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Do you like bearded men?

Do you like bearded men?

The standards of beauty in society change over time – this is a well-known fact. But our own ideas about the attractive appearance of a particular person do not remain unchanged – sometimes even for a few minutes. What influences our perception of the beauty of others so much? You won’t believe it, but scientists confirm that dating sites and mobile apps are to blame.
I used to like clean-shaven men’s faces. But then the beard came into fashion, and my preferences began to change.
Seeing beards of various sizes everywhere, I began to realize that there was something to it. And, obviously, there was more than one.
“I find bearded men attractive. It used to be unimportant, but now half of my friends wear a beard, ” said one of the participants in the survey conducted by the Guardian newspaper.
It is obvious that millennia of natural selection have forced us to give preference to certain features of appearance. For example, we find symmetrical faces more attractive-probably because they indicate healthy human genes.
We know that the standards of beauty change over time, but it does not happen very quickly – it is influenced by both the media and popular culture.
And although we understand that everyone’s tastes are different, many are convinced that their ideal of good looks remains unchanged throughout their lives.
It turns out, however, that we change our views on beauty much more often – not even for years or months, but sometimes just for a few minutes.
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“Beauty, indeed, is still in the eyes of the beholder. But as our current research shows, the viewer is constantly changing, ” says Haiyan Yang, an associate professor at the Carey School of Business at Johns Hopkins University.
Young leads a study that found that our perception and appreciation of beauty can change under the influence of other people’s opinions.
“It can be argued that in the age of the Internet, people’s perceptions of beauty began to change much faster than at any time in history.”

Perhaps the reason for this fickleness is in the thousands of photos that the Internet and, in particular, online dating services bombard us with every day.
Interestingly, recent research has shown that our perceptions of attractiveness are not only subject to frequent changes, but also depend on which faces we just looked at.
On websites or in mobile dating apps, this, of course, happens all the time and in a split second.
In one study conducted at the University of Sydney, women rated the attractiveness of 60 men whose images appeared in front of them on the screen for just a third of a second.
The researchers found that participants tended to rate the next face as attractive if they also liked the previous one.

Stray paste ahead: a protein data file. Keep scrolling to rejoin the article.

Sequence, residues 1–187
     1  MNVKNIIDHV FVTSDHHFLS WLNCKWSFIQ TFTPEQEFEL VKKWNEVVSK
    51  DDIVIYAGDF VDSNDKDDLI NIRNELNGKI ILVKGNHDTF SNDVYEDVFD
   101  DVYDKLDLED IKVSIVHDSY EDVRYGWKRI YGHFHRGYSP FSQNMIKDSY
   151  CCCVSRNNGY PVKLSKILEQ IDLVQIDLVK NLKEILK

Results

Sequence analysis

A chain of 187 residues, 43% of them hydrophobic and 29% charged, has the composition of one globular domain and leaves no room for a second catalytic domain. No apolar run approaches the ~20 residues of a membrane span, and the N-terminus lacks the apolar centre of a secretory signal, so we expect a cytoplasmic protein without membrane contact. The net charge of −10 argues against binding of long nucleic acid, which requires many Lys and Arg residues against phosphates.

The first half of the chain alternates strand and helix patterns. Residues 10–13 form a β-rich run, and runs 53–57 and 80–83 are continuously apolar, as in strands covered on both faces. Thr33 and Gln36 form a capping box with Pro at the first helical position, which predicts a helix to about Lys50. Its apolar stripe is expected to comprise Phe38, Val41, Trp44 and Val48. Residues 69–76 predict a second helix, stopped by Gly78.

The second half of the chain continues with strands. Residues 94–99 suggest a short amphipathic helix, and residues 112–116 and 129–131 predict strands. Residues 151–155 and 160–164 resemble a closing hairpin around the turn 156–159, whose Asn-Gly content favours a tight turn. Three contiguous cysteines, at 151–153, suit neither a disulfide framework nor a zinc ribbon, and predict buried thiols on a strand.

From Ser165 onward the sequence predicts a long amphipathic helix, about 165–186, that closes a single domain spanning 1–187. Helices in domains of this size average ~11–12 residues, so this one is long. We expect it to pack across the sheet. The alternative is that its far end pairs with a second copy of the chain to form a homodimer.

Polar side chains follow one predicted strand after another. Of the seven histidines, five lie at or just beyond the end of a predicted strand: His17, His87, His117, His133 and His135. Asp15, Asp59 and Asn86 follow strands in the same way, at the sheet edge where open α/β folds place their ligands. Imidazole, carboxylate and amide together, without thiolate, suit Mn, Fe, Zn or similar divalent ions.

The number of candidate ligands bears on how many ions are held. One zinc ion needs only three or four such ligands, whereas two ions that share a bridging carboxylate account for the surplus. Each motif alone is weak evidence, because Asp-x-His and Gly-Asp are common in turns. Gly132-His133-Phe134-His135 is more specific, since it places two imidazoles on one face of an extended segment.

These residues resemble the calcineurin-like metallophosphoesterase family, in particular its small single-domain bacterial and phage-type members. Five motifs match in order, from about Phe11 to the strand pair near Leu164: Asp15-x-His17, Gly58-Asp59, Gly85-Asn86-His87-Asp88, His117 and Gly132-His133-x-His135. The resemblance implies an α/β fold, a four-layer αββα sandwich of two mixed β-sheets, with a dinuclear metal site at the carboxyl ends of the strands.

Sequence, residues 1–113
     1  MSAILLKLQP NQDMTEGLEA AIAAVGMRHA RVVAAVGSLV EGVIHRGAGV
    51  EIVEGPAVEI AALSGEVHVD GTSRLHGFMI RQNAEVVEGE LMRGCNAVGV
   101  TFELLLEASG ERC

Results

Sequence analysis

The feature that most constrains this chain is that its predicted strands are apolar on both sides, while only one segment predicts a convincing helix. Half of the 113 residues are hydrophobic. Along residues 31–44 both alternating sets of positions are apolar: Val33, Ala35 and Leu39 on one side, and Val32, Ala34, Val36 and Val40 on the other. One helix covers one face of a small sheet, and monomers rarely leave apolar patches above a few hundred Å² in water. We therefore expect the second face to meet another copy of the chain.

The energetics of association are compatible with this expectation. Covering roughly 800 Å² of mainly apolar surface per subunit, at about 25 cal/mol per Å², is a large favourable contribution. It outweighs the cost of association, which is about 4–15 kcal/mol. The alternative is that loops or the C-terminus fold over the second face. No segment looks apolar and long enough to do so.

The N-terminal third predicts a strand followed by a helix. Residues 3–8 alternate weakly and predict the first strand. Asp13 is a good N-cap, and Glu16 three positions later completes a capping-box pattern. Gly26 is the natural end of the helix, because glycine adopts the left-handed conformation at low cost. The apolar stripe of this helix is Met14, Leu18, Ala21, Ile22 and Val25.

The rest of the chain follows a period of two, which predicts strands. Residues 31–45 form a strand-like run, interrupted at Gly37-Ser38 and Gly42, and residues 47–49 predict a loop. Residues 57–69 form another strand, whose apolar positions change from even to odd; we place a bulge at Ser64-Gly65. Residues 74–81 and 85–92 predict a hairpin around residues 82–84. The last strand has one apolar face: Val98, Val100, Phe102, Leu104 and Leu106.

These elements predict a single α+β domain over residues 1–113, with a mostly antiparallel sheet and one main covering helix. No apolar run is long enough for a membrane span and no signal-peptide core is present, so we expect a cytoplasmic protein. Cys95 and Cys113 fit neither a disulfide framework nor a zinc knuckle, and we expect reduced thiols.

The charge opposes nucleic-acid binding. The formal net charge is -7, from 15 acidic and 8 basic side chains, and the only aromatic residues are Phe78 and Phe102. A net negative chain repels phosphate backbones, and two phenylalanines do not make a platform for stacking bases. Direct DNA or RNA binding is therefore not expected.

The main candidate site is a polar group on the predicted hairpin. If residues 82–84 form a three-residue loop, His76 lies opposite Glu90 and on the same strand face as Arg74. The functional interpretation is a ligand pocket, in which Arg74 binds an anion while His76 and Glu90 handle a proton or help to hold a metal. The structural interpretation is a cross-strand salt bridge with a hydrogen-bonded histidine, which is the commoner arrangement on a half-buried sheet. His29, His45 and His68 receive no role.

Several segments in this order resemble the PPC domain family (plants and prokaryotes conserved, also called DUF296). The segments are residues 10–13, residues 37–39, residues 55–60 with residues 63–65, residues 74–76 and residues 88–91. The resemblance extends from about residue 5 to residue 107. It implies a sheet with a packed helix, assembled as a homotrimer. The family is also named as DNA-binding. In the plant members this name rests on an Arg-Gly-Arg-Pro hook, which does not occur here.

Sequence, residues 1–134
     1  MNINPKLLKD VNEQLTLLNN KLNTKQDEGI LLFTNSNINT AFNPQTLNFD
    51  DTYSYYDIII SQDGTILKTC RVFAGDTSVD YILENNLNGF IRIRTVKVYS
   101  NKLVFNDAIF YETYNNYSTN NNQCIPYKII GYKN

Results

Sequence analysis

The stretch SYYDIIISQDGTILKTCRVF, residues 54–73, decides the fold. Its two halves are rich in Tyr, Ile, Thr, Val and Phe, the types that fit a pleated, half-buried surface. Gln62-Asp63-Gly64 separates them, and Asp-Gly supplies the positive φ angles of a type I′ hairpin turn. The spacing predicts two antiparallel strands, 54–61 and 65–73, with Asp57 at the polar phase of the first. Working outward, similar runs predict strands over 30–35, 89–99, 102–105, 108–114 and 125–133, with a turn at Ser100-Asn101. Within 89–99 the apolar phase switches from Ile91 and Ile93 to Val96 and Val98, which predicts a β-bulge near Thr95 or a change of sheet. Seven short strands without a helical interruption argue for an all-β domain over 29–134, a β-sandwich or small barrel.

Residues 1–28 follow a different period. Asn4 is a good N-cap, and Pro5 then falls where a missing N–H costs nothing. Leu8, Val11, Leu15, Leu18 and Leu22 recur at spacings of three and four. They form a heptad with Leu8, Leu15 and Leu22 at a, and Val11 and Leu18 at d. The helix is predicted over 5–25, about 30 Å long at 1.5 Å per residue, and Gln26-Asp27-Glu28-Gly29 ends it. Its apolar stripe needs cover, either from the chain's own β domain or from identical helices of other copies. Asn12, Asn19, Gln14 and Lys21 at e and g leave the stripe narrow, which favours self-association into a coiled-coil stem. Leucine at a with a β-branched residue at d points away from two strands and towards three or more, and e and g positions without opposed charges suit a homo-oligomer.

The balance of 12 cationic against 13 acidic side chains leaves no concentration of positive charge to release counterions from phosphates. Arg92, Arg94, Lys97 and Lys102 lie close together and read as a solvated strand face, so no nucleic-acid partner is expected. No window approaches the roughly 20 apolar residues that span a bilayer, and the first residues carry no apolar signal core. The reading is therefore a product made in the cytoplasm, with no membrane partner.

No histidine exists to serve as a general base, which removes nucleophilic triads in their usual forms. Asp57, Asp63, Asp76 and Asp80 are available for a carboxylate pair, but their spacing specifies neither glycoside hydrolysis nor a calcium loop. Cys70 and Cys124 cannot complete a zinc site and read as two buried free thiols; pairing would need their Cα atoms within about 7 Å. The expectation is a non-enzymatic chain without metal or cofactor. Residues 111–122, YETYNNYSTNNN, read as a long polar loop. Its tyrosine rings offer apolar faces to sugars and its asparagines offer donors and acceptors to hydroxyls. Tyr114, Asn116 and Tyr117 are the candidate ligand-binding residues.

The same thing happened on the contrary: if the person in the previous photo seemed to them unsympathetic, they were more likely to evaluate the next image negatively.
It seemed that the perception of beauty in the participants of the experiment changes with each new face.
This phenomenon is explained by the way our brain processes new information.
“Our brains are not able to process all the information we see quickly, and therefore, where possible, they simplify their work by drawing on previous visual experience,” explains Jessica Taubert, author of the study, which is being conducted by the University of Sydney.
The simplification that the brain uses in such a situation is called serial addiction.
We expect that the physical attributes of an object do not change in an instant. That is, when you, for example, looked at a cup of coffee, and then looked away, you are sure that it will look exactly the same when you look at it again..

The same thing happens when we look at photos of people on dating sites. When we look from one profile to another, we give in to the illusion.
Our brain simply does not have time to analyze the next photo as new information and perceives the new face in the same way as it evaluated the previous one.
“The fact that the brain tries to adapt quickly to the visual environment is not new. But what is new is the speed at which this environment is changing, ” says Teresa ​​Pegors, co-author of the study.

“Beauty, thus, becomes a changeable category, causing an irrepressible desire to constantly choose something new. Which may also be the reason why it’s increasingly difficult for us to be happy with one partner for a long time.”
The effect of a cursory glance.
If you notice that you like a lot more people on the Internet than in real life, the reason may be the speed with which you view the pages of social networks.
Researchers have found that we find people attractive when we look at them in passing, rather than when we look at them closely.

Attractiveness is a valuable parameter, because this person can be our potential partner. Therefore, the brain, not having enough information, chooses an important option for itself – greater attractiveness.
“If you think someone is more beautiful than he or she is, it’s simple-you can look at them more closely from the second time [and either make sure that you like the person, or be disappointed],” explains David Eagleman, a neuroscientist at Stanford University and co-author of the study.
“But if you accidentally do not notice, underestimate the attractiveness of a particular person, you risk missing the chance to establish a relationship with him,” he adds.
When you quickly browse through profiles on a dating site, the “quick glance effect” is triggered.